Q. Dear Mr. Mudd,
I read that Nathaniel FitzRandolph’s descendants get free tuition at Princeton University. Is this true?
A. According to legend, an agreement between Nathaniel FitzRandolph and the College of New Jersey (as Princeton was then known) was made in 1753. In exchange for donating the land on which Nassau Hall now resides, the College agreed to pay tuition for all of his descendants to attend the institution. We have bad news for today’s FitzRandolphs, though: No such provision was incorporated into the deed of gift.
When the College of New Jersey was founded in 1746, it held its first classes in Elizabeth, New Jersey, then quickly and temporarily moved to Newark. Though plans were in place to permanently move to New Brunswick, the residents of the town could not manage to raise the necessary funding. Nathaniel FitzRandolph, a Quaker, was responsible for raising the money and securing the land required by the trustees to relocate the College in Princeton in 1756. The citizens of Princeton raised £1,700 (well in excess of the £1,000 required) and provided ten acres of cleared land for the campus and 200 acres of woodland for fuel. FitzRandolph donated £20 and 4.5 acres of land and raised £500 by personally visiting residents to ask for donations. Nassau Hall sits on the land FitzRandolph donated.
FitzRandolph died in 1780 and was buried in the family burial ground, on the present site of Holder Hall. Remains from 32 family graves were uncovered during the excavation for the building in 1909. University President Woodrow Wilson directed the remains to be re-interred under the eastern arch of Holder Hall. A memorial tablet there bears the inscription, “Near this spot lie the remains of Nathaniel FitzRandolph, the generous giver of the land upon which the original buildings of this university were erected. In agro jacet nostro immo suo (In our ground he sleeps, nay, rather in his own).”
In 1905, the FitzRandolph Gateway, which functions as the main entrance to campus, was erected through a bequest from a descendant of Nathaniel FitzRandolph, Augustus van Wickle, a graduate of Brown University. For most of its existence, the gates have remained closed during the academic year, but were permanently opened to all upon the graduation of the Class of 1970. The FitzRandolph Observatory, built in 1934 to replace the Halstead Observatory, also honors the memory of Nathaniel FitzRandolph.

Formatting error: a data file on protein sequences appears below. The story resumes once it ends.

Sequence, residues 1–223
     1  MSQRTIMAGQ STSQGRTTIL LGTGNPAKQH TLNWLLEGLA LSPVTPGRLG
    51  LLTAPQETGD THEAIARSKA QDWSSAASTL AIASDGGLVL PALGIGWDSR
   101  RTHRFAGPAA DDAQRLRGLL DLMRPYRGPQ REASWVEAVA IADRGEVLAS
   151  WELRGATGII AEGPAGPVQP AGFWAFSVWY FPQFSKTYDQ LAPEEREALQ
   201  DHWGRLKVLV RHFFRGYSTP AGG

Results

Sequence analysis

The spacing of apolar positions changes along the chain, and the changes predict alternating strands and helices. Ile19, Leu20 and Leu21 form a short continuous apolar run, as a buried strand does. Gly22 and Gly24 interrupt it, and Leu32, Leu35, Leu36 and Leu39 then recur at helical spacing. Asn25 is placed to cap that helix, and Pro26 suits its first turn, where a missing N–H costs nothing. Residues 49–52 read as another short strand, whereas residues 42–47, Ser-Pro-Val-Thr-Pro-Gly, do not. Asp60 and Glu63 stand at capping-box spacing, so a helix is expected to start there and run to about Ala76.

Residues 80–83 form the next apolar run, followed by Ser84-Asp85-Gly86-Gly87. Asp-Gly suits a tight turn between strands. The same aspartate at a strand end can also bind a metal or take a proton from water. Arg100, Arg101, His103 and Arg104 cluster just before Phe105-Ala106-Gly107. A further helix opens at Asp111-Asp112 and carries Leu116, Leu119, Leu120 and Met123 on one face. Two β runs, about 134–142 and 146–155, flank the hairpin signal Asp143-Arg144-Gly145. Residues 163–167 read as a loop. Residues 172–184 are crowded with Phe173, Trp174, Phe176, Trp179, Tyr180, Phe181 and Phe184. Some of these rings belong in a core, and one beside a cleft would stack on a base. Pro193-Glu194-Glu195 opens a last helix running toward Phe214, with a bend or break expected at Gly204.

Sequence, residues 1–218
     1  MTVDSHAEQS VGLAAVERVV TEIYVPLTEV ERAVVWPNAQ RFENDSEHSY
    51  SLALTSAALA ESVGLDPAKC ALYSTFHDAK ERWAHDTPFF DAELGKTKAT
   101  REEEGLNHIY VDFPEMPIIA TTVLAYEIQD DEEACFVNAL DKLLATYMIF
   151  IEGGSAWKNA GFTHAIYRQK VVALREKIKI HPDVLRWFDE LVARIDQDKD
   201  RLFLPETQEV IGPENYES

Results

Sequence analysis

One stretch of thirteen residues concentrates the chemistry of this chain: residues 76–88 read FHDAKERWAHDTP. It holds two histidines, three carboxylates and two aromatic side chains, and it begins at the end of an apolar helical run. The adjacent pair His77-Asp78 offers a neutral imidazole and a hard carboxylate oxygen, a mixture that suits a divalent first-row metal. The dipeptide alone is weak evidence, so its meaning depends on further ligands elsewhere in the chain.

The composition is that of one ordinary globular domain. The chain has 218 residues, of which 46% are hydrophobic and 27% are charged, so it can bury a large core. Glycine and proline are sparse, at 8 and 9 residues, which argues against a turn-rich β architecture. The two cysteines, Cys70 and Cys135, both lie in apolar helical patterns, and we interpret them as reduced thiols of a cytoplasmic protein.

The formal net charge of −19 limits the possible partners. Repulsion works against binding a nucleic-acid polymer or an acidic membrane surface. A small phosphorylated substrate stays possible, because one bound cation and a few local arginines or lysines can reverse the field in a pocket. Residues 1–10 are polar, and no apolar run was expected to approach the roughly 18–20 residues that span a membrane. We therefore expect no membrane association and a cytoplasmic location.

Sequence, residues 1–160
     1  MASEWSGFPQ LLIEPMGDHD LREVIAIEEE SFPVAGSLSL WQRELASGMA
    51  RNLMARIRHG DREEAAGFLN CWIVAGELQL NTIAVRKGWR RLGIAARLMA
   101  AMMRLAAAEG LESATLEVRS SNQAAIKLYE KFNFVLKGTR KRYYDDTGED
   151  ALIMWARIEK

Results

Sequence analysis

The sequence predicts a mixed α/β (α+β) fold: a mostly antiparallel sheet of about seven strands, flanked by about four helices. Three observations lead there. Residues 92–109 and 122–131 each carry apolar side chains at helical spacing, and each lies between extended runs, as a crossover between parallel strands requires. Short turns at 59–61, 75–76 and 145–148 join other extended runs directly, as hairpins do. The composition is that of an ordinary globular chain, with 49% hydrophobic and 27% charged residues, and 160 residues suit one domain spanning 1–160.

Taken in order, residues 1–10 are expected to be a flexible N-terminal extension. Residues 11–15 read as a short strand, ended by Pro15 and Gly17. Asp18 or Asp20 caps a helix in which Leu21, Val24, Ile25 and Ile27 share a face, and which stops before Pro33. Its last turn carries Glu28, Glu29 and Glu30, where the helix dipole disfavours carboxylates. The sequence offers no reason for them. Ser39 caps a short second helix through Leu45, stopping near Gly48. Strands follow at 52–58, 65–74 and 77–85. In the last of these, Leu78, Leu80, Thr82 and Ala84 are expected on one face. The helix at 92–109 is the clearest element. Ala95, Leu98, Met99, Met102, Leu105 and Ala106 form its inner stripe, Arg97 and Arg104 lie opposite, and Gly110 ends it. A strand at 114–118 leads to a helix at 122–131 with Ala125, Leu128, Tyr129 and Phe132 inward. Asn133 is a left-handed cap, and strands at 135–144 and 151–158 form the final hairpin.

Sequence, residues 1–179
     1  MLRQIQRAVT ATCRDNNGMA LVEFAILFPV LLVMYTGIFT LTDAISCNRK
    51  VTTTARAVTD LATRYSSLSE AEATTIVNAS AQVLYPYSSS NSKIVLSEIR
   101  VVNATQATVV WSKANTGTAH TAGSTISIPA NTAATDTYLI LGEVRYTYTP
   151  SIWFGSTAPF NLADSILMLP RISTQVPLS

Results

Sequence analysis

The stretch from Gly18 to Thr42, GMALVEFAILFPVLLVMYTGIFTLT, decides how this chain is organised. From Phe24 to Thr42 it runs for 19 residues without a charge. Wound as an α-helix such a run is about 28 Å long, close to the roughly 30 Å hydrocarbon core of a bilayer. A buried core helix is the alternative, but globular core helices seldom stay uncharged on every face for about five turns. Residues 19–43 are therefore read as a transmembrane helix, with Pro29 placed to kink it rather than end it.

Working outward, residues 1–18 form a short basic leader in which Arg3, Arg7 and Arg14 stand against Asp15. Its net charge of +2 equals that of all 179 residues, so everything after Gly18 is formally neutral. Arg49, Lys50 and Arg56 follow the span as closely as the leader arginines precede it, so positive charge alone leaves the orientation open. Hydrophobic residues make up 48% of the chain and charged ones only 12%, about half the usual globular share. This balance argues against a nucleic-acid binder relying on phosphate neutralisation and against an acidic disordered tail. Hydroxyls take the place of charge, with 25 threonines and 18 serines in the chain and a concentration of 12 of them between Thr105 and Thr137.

We also have a miniature version of the FitzRandolph Gateway here at Mudd, shown below. These gates are always open, too, but that’s mostly because the latch doesn’t work.
Historical Subject Files Collection, 1746-2005 (AC109)
University Land Records (AC028)
This post was originally an FAQ on our old website written by Kristine Marconi McGee. It has been revised and expanded here as part of the launch of our new website.
11 responses to “Can Nathaniel FitzRandolph’s Descendants Attend Princeton University for Free?”
I am in possession of the complete Fitzrandolph family tree. He is my great grandfather nine generations back. Though I am now 71 years old, and probably am not a candidate for entrance into undergraduate work, I have visited the campus a couple of times while working with Merrill Lynch at the Plainsboro conference center and have enjoyed being in the presence of the Fitzrandolph gate. My grandmother, Daisy Fitz Randolph was born in 1897 and hers was the first generation to drop the Fitz and to be known as Daisy Randolph born in Ankeny, Iowa to Charles Fitzrandolph, and Alice Thornton Fitzrandolph.
Larry Reed, Norman OK
Nathaniel Fitz Randolph is my 6th Great Grandfather. I hope to visit the University in the future.
This message is not about the beautiful Fitz Randolph Gate that I see everyday when I ride up Witherspoon Street, this message is related to the beginning of The College of New Jersey as the date given in the history provided here. In my research – the College of New Jersey started in Jonathan Dickinson’s parlor in Elizabeth, New Jersey 1746 not 1748. After he died within a few months, Aaron Burr, Sr. became the President and brought the college to Newark, New Jersey then to Princeton in 1756 where the college centered in Nassau Hall.
Thanks so much for alerting us to that typo! We’ve corrected it an added a link to our blog about the founding of Princeton University. We always appreciate when our readers let us know about inaccurate information they may find here.
I am also a direct descendant of the FitzRandolph’s on my mothers side, who was a Sefton. My great Aunt Helen researched our family tree back to the middle 1500’s. God Bless her. She was 104 when she passed in 1996.
Hi! I’m also a descendent and am putting together my family tree. I would LOVE to see what your Aunt Helen put together if you’re willing to share. shelleygerber1 at gmail.com.
I’m a relative to Nathanial Fitz Randolph and am so excited I’m planning a trip to visit our land we gave to Princeton university that started in 1700s
Tracy Randolph Taylor
Hi, my husband and I are doing the same thing july 2020.
Karen and thomas randolph.
Hi,I’m a descendant of Nathaniel Fitz Randolph. And I’m looking for family members. Please contact me at firstname.lastname@example.org or on Facebook Paula Phillips-Jackson. Thank you for your time.
[…] 28, 1754—Nathaniel Fitz Randolph deeds 4 ½ acres in Princeton to the College of New Jersey (including the building site of Nassau […]
[…] and William Worth, a local stonemason. Construction began on July 29, 1754 on part of the 4.5 acres donated by Nathaniel and Rebeckah FitzRandolph. Smith designed the building to withstand the variable climate of New Jersey in the […]